And so, as a stowaway in a ‘small tug’ in the evening of October 25th, or perhaps the early morning of the 26th, Carruthers discovers the Riddle at last. The secret plan is not defensive one, but offensive:
To neglect obvious methods, to draw on the obscure resources of an obscure strip of coast, to improve and exploit a quantity of insignificant streams and tidal outlets, and thence, screened by the islands, to despatch an armada of light-draught barges, capable of flinging themselves on a correspondingly obscure and therefore unexpected portion of the enemy’s coast; that was a conception so daring, aye, and so quixotic in some of its aspects, that even now I was half incredulous.
Now, notCarruthers and I have been indulging ourselves in disagreements over the feasibility of towing lighters big enough to carry sufficient numbers of soldiers across the North Sea through the Tiefs of East Friesland. But let’s assume such a thing is possible. Is Childers’ conception one that makes any sense?
There is a long history of invasion from the water, as I don’t need to tell anyone in England, especially those in the East Sussex area. But like so much else at the period of Riddle of the Sands, the idea of putting men into barges and attacking up a beach is changing at this time, for reasons which will only become fully clear a dozen years after the publication of the book, in 1915, when a British plan to attack the Dardanelles Strait ended in disaster and extraordinary loss of life. I am talking, of course, of Gallipoli – at which my own great-uncle, Lloyd Jones, lost his life.
I won’t go into detail on the Gallipoli campaign – there’s a great deal of good material on it elsewhere. But I will point to one element of it: the scheme, allegedly that of one Commander Edward Unwin, to run an old ship aground on V Beach at the tip of the peninsula, inside which would be hidden hundreds of troops. Unwin anticipated a danger that the ship, the 4,000-ton cargo vessel River Clyde, might run aground before hitting the beach, and in case of this he suggested towing a steam hopper and three lighters behind the River Clyde which could be used as a kind of pontoon. Military History has a good article on this, and I urge you to read it, but the upshot is this: the River Clyde ran aground short of the beach, there was panic in the lighters, and the machine guns ripped apart the soldiers pouring out from within this nautical Trojan horse.
Such a picture was replicated across the Gallipoli campaign – sorties imagined by men who seem to have relied on the imaginations of novelists such as Erskine Childers as much on hard strategic thinking. Principal among these was Winston Churchill himself, and here’s where the story gets really weird. Jim Ring, in his book Erskine Childers, says that Childers himself had written a proposal for securing Borkum and Juist in 1906, and that Churchill had long been a proponent of this idea; in book The World Crisis, Churchill wrote:
In my earliest meetings with Lord Fisher in 1907 he had explained to me that the Admiralty plans at that date in the event of hostilities with Germany were for the seizure as early as possible in the war of the island of Borkum as an advanced base for all our flotillas and inshore squadrons blockading the German river mouths. I was always deeply interested in this view.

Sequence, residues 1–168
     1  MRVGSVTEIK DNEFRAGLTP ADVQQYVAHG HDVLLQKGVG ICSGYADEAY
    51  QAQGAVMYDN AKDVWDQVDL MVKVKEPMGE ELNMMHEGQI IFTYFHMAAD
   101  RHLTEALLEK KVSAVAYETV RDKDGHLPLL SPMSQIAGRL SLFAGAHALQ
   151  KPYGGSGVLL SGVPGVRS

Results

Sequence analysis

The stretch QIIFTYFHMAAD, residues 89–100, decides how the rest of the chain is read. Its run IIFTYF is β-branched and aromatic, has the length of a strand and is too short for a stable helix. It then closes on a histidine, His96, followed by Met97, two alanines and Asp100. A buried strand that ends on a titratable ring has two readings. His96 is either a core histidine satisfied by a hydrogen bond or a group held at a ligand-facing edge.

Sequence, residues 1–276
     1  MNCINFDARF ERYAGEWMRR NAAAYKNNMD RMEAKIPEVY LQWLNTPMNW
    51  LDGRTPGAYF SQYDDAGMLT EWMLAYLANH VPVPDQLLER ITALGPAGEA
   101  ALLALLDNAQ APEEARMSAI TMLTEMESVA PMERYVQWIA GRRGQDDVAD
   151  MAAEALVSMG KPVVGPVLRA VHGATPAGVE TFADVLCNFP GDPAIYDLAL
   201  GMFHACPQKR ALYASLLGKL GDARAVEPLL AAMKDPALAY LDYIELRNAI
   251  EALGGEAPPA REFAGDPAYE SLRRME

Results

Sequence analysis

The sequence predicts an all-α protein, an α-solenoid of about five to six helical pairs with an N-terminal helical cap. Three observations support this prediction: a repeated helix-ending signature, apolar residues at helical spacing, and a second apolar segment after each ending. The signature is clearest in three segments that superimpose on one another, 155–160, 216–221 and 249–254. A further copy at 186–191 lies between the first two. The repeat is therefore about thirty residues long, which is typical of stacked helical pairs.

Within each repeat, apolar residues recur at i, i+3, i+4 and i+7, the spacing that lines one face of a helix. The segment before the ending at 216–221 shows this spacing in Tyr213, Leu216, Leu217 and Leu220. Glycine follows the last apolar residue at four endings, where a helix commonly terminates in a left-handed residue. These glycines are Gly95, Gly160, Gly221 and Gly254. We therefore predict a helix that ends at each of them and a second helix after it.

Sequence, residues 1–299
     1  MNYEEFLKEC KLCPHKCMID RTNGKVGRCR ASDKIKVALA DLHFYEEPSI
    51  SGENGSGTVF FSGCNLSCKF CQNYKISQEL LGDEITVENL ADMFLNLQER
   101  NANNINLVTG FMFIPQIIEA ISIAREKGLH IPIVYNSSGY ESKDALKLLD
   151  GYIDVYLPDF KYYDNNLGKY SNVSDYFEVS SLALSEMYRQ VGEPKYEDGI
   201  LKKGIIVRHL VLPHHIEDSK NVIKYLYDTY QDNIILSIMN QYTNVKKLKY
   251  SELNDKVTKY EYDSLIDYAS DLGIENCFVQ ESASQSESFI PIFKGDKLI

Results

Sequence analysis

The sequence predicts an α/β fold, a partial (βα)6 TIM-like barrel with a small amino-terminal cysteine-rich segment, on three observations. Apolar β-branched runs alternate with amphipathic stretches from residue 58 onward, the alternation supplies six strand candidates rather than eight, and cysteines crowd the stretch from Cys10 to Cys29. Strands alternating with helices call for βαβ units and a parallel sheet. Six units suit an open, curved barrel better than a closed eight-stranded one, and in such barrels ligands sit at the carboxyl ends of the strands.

In fact, so advanced was the thinking over Borkum that the Cabinet and War Council considered it as one of two initiatives to open up a second front. The other was the Dardanelles. In other words, the British government decided that an invasion of the East Frisians was more dangerous than Gallipoli. This puts an interesting spin on the scheme in Riddle of the Sands.
Two further thoughts on this type of warfare. There are a chilling pair of paragraphs in the Military History article I linked to above:
The tows of the Dublins were scheduled to land at 05.30, but had been badly delayed by the complexities of transhipping into the rowing boats from the ships and the current pouring out of the Dardanelles. This was to cause considerable confusion as it became apparent that the River Clyde would run ashore first. The complicated circling manoeuvre that the Clyde was forced to adopt meant that she had lost almost all seaway when she ran aground with barely a shudder at 06.22 some 80yds from shore.
This seems to have acted as the catalyst for a storm of fire, which lashed across the Dublin Fusiliers in their open boats still rowing towards the beach. The Turkish riflemen could hardly miss such a target – and they began to wreak a horrifying slaughter. Trapped in the close confines of the rowing boats, the Dublins were utterly helpless and almost before they knew what was happening had been shot to pieces.
This summarises, horribly, why this form of invasion became impossible: the perfection of the rifle, and the invention of the machine gun. It was the British belief that Turkish firepower was limited that led to the horror of Gallipoli. You can’t attack a beach in rowing boats when the other side are shooting machine guns and rifles at you – and by the second world war, the ‘lighters’ of Carruthers and Davies had been replaced by ironclad barges which are, crucially, self-powered.
And finally, at Gallipoli, another odd little echo. Carrier seaplanes were employed by the British under Colonel Frederick Sykes to act as spotters for the naval batteries. The seaplanes were carried to the Dardanelles by the ship Ben My Chree, based first in Jero Bay, and among the men providing expert navigation and instruction in maps was none other than Erskine Childers himself.